Digital interfaces are the bridges to our communities. Technology can’t fix the systemic inequality revealed by COVID19, but it can help make connections with our communities better. This tool kit and website brings together emergent best practices, workflows, and tools that communities, educators, mutual aid groups, designers, artists and activists are using for community building, and how design needs to change to best suit people, right now.
If you're a community organizer, designer or an engineer, these best practices are designed to help guide in creating and designing community spaces online for participants and organizers.The big things to focus on prioritizing safety, including your participants and your own data and privacy, creating a plan, agenda or run of show for events, creating cohesive work flow, and creating intentional spaces for human connection and interaction, beyond the chat window.
“What does safety look like in digital spaces when you are basically letting [other] people into your home?”It's important to recognize you’re using tools to continue what you used to be an offline or face to face meet up, but the tools are not a 1 to 1 replacement for the offline. It’s about resetting expectations for the host (you) and the participants in this space. It’s about being extremely upfront with participants of what you will be doing in the digital meeting, of how long each section of the meeting will be, and what they will need to do, when. It’s a lot of guiding and planning before the meeting, and a lot of guiding and planning during the meeting. Much like theatre, think of this as a run of show- what needs to be accomplished, when. You need a plan because being on video can be terrifying and confusing for participants, and a video conference doesn’t ‘flow’ the same way a face to face meeting would.
Communities need multiple tools to do things, those tools sometimes sync up fairly well, such as going from Google Docs, Slack and Airtable, but sometimes they don’t.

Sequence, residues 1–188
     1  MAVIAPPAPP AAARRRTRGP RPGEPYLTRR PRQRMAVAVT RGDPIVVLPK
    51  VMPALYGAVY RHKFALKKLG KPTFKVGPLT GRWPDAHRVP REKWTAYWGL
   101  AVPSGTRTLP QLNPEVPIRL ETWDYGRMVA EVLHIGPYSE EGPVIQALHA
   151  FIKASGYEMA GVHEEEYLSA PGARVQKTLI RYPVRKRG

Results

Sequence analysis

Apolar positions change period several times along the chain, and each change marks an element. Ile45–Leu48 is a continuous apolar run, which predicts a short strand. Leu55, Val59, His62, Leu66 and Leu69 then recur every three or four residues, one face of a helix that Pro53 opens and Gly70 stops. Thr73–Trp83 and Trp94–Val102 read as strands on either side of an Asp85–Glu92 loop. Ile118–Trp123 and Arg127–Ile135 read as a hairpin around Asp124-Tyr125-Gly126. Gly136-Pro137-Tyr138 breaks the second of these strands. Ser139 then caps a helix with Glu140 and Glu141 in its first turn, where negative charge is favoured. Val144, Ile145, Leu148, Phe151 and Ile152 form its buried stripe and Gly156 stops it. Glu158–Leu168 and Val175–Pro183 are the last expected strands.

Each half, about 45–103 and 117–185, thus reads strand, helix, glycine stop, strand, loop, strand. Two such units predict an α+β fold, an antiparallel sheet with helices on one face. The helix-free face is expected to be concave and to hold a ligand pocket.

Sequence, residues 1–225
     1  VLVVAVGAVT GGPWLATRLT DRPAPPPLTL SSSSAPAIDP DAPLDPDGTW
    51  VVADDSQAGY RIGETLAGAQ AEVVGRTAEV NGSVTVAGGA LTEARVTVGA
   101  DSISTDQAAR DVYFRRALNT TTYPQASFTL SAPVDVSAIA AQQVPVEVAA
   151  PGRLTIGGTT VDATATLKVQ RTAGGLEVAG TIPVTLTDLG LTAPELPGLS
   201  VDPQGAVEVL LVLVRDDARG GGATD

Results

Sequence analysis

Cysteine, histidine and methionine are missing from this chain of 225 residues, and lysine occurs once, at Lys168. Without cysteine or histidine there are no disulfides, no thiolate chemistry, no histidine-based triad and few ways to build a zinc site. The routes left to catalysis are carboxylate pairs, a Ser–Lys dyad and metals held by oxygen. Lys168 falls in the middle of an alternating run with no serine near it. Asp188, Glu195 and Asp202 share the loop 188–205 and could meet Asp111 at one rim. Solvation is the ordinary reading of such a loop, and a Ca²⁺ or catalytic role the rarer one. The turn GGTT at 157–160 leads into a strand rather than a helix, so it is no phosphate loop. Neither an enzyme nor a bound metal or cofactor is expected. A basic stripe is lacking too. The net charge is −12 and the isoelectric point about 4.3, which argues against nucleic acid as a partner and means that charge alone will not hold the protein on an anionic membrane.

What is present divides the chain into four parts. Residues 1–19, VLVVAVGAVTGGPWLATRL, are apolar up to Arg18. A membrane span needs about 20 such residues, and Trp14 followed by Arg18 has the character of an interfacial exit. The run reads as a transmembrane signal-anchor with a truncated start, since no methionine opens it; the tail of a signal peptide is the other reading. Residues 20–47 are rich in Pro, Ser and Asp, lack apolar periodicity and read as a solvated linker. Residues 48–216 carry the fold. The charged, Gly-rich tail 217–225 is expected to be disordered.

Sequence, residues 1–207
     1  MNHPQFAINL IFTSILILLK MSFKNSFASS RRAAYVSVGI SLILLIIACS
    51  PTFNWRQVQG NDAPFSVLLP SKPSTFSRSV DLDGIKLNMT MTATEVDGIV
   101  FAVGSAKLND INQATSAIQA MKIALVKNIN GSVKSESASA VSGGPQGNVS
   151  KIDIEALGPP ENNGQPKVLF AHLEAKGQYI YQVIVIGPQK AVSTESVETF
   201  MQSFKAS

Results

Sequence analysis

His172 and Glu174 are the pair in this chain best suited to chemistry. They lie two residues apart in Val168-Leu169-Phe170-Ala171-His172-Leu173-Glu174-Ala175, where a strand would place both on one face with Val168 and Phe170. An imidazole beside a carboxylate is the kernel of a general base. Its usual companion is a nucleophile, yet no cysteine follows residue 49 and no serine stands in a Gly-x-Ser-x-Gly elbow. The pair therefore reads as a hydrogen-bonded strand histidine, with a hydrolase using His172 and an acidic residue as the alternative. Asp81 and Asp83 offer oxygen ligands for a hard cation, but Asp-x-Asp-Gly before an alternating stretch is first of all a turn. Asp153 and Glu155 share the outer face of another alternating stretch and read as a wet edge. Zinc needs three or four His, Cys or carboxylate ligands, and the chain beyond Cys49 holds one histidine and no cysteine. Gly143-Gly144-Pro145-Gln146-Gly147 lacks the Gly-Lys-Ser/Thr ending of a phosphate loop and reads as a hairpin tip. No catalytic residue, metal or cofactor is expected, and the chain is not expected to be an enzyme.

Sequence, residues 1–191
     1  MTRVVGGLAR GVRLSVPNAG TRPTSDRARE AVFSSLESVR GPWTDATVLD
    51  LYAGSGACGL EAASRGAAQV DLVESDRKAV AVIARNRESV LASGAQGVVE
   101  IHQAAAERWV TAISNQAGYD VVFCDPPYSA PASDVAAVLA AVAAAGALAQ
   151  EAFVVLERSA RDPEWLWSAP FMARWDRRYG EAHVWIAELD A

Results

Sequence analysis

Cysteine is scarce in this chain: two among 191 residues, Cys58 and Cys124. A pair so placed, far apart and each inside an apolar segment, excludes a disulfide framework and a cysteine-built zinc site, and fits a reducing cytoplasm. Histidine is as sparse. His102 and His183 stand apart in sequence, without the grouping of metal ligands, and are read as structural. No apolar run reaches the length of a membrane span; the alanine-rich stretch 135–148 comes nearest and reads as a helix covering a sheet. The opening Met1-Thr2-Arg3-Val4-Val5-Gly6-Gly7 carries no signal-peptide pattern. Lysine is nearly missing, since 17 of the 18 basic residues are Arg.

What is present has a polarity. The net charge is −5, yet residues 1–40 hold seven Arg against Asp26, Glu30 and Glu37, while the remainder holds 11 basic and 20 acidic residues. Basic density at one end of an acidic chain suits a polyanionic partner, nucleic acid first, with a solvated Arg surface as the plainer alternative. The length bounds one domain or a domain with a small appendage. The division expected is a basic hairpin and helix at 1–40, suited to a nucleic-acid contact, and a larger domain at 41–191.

“We would benefit from having more frameworks and ingredients rather than trying to have tools that are one size fits all.”In early June, Zoom finally added better moderation tools for hosts but not any moderation tools for participants. They also added the ability for people to share files within the chat, like images or documents. Other video chats don’t offer any of those tools. Much like advice for the engineer, people need better ways to share media and more intuitive ways to engage and moderate conversation.
Even with Zoom’s update, hosts and participants need better UI moderation. Moderation shouldn’t just fall to the host, when any participant can face harassment.
“Syncing makes it basically impossible to teach.”When it comes to latency and syncing, it’s important to remember that people need better ways to share media like audio and video, for dance parties, for school, or for organizing. People need more initiative ways to share this media in video conferencing and they need to make sure everyone is hearing the same thing at relatively the same time. Lastly, safety- none of these tools have enough moderation tools which can help mitigate so many forms of harassment.
No matter how well planned an event is, the second something breaks, the moment is lost. People will choose to use another platform with lower quality video but is more reliable.
A list of needs that designers and engineers have to prioritize when designing technology that functions easily and safely for communities online.
The project and toolkit are made in response to how communities were organizing and creating spaces of interaction during COVID19.